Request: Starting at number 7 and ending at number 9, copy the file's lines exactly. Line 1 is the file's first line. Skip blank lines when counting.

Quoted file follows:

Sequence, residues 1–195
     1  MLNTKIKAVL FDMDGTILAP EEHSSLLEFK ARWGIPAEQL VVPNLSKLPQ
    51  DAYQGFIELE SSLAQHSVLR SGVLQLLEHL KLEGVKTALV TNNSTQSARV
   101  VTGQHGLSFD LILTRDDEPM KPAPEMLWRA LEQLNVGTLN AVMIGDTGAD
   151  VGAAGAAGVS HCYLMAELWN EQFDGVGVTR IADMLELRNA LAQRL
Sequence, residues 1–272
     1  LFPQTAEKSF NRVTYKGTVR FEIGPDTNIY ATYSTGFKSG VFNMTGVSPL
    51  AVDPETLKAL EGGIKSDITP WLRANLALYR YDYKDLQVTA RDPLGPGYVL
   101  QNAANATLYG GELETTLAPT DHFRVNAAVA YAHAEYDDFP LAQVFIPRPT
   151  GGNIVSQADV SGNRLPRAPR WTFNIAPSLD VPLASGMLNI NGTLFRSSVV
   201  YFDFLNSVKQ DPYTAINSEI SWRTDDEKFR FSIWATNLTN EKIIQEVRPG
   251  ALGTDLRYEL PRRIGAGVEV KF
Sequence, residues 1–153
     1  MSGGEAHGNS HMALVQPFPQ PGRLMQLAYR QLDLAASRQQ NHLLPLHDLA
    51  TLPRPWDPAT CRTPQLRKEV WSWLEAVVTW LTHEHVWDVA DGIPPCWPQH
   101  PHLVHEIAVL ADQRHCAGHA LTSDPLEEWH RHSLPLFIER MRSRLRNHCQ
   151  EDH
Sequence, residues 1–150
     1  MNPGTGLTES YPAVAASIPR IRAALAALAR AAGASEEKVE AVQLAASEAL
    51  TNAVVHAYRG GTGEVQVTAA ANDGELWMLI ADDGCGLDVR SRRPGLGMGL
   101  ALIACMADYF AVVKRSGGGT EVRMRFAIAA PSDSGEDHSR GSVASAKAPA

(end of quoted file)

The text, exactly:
     1  LFPQTAEKSF NRVTYKGTVR FEIGPDTNIY ATYSTGFKSG VFNMTGVSPL
    51  AVDPETLKAL EGGIKSDITP WLRANLALYR YDYKDLQVTA RDPLGPGYVL
   101  QNAANATLYG GELETTLAPT DHFRVNAAVA YAHAEYDDFP LAQVFIPRPT